Not Burdensome. Oh Really?

Today in the life of the church we celebrate the feast of Athanasius, Bishop of Alexandria.  I’ll let you all read about this remarkable “Pillar of the Church” who went from being a deacon to being an archbishop, who was at the Council of Nicea and ferociously fought against the Arians so much so that he garnered the nickname “Athanasius Contra Mundum” (Athanasius Against The World).

 

One of the lections assigned for Athanasius comes from 1 John (1 John 5:1-5).  In the passage he talks about how loving God is as shown by following God’s commandments.  And, I agree with that statement.  The author goes on to make the following statement:

“And his commandments are not burdensome, for whatever is born of God conquers the world.”

 

Here I have to say that at moments I find following the commands of God feel burdensome.  Sometimes following the commands of God seems to be downright difficult; at moments even impossible.  Somehow, I don’t feel that I’m alone in feeling this way.

heavyload

 

Sure, I will give you that God’s commands are not complex in nature, or conceptually difficult to grasp.  “Love your neighbor as yourself.”  That’s a pretty straightforward statement.  But, at moments, man oh man, does that commandment feel like a burden or almost impossible to fully perform.   When the person you love more than anyone else in the whole world is killed in a car accident is it really possible to “Love the Lord your God with all your heart, with all your soul, and with all your mind?” (Deut. 6:5, Mark 12:30, Matthew 22:37, Luke 10:27)

 

That said, I’m not unhappy or even dismayed that God’s commandments could seem burdensome and difficult at times.  In fact, there is a part of me that is glad that they are, “simple, not easy.”  What would you think about God if God’s commandments were things like, “just tolerate everyone,” or, “try really hard not to kill too many people?”  I think they would make God seem pretty wimpy.  That’s not the God who sent God’s only son to live and suffer with God’s creation.  That’s not the God who tells Abraham to go and sacrifice his only son, or the God who says, “Let there be light.”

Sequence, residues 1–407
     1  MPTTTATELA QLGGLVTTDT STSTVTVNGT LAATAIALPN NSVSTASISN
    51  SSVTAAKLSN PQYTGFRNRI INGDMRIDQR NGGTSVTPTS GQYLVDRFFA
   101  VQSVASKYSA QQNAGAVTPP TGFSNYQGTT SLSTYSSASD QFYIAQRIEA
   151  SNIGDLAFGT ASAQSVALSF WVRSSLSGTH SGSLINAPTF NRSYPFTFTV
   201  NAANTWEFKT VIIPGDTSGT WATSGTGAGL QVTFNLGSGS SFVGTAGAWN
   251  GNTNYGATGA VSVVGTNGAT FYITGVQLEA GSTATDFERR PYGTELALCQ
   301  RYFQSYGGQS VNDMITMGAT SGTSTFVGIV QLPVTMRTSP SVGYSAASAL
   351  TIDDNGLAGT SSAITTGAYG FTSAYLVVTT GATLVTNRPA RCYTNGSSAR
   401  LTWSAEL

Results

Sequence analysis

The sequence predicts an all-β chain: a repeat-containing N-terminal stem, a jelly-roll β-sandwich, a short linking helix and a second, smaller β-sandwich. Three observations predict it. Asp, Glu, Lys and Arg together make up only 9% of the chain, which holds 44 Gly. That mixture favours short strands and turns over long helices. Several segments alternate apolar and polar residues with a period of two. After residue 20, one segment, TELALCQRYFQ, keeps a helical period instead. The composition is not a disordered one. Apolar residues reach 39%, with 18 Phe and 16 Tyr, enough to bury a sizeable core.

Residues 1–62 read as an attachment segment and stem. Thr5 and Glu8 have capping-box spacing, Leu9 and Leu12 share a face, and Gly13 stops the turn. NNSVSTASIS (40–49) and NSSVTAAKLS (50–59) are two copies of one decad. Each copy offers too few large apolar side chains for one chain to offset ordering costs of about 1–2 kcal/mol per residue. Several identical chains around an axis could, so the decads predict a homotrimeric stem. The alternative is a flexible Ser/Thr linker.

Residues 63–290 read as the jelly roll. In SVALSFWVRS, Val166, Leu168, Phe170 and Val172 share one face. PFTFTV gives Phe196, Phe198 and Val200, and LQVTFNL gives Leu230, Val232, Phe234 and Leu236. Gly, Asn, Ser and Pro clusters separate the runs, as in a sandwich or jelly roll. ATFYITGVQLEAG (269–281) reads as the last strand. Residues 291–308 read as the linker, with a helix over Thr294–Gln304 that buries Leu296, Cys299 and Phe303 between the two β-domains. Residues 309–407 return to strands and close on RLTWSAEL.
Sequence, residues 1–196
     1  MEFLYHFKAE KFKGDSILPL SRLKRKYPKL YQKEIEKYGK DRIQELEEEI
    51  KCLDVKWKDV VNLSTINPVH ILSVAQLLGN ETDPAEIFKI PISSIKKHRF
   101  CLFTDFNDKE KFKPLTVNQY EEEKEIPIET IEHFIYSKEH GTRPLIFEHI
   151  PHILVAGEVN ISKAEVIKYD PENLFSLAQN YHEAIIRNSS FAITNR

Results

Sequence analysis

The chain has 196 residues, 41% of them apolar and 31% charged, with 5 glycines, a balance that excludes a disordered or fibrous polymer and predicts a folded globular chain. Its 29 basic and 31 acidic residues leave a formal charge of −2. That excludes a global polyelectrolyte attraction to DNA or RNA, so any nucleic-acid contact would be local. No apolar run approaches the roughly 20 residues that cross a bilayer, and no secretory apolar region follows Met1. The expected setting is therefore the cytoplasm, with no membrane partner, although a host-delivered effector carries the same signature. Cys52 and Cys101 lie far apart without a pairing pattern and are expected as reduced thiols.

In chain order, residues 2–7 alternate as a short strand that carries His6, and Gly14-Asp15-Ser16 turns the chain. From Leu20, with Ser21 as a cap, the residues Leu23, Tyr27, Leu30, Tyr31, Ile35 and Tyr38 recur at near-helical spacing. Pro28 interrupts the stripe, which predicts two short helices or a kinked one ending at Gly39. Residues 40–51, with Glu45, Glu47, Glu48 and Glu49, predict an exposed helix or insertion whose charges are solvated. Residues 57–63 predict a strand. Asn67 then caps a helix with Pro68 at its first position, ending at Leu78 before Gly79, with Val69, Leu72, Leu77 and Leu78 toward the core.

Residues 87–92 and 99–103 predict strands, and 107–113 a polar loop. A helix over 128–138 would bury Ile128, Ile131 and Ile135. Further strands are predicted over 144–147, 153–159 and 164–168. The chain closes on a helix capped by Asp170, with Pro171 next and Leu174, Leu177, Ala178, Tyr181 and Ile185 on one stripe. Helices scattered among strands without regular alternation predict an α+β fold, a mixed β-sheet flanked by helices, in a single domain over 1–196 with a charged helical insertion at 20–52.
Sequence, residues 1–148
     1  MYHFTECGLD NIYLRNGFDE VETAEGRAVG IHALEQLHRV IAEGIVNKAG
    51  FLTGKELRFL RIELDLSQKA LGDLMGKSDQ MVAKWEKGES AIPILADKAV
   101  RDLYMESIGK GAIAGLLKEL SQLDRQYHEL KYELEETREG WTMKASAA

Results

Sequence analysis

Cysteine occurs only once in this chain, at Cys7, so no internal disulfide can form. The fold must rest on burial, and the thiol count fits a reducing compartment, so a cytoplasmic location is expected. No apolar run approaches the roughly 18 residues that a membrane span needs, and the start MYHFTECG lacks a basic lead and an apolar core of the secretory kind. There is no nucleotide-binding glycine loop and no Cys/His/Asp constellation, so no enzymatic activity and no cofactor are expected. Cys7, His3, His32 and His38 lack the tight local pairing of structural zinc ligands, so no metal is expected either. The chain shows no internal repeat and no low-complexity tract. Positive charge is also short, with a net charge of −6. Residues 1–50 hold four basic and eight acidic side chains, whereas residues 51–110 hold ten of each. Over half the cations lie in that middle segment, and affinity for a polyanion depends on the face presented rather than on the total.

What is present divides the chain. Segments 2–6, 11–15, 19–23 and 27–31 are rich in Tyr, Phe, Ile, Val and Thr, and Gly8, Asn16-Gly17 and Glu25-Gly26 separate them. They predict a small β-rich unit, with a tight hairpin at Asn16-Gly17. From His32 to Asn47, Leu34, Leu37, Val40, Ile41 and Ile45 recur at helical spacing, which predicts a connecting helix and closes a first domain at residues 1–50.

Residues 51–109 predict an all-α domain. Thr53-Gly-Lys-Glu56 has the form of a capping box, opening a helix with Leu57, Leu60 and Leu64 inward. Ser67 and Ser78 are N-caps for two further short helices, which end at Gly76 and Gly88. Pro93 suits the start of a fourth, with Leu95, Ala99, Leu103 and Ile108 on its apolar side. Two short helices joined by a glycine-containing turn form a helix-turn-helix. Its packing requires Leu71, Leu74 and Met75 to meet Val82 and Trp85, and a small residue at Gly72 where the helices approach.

Think about something you struggled to achieve, something you thought about all the time that demanded diligent and persistent work.  Didn’t you feel such a sense of accomplishment when you were able to say, “I did it?”  Think about the sheer joy, satisfaction, and sense of purpose you felt about your accomplishment.

 

Now let’s be clear, God’s commandments aren’t goals, they are commands.  There is a definite element of either doing them or not.  They aren’t the requests of God, but the commandments of God.  Those commandments are ones that we, as Christians, have before us every day and we can choose to obey them, or not.  At all times I believe that God expects us, out of our love for God, to live into the commandments that God sets forth.

 

As Christians, we have these commandments before us every day and we can choose to obey them, or not.  We can choose to struggle to obey them, always…or not.  But through the grace of God and through Jesus’s death and resurrection for us–for all human kind–God not only provides us with what we need to keep these commandments, but forgives us when we are not able to keep them.

 

Are the commandments of God burdensome at moments?  Sure thing they are.  Are they worth the struggle it sometimes takes to live into them, to obey them and to follow them.  You bet they are.  Always.

 

In Christ’s Name,

Matthewfirst

 

 

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About matthewhanisian

Associate Rector at St. Alban's Episcopal Church, Washington, D.C.
This entry was posted in The Rev. Matthew R. Hanisian and tagged , , . Bookmark the permalink.

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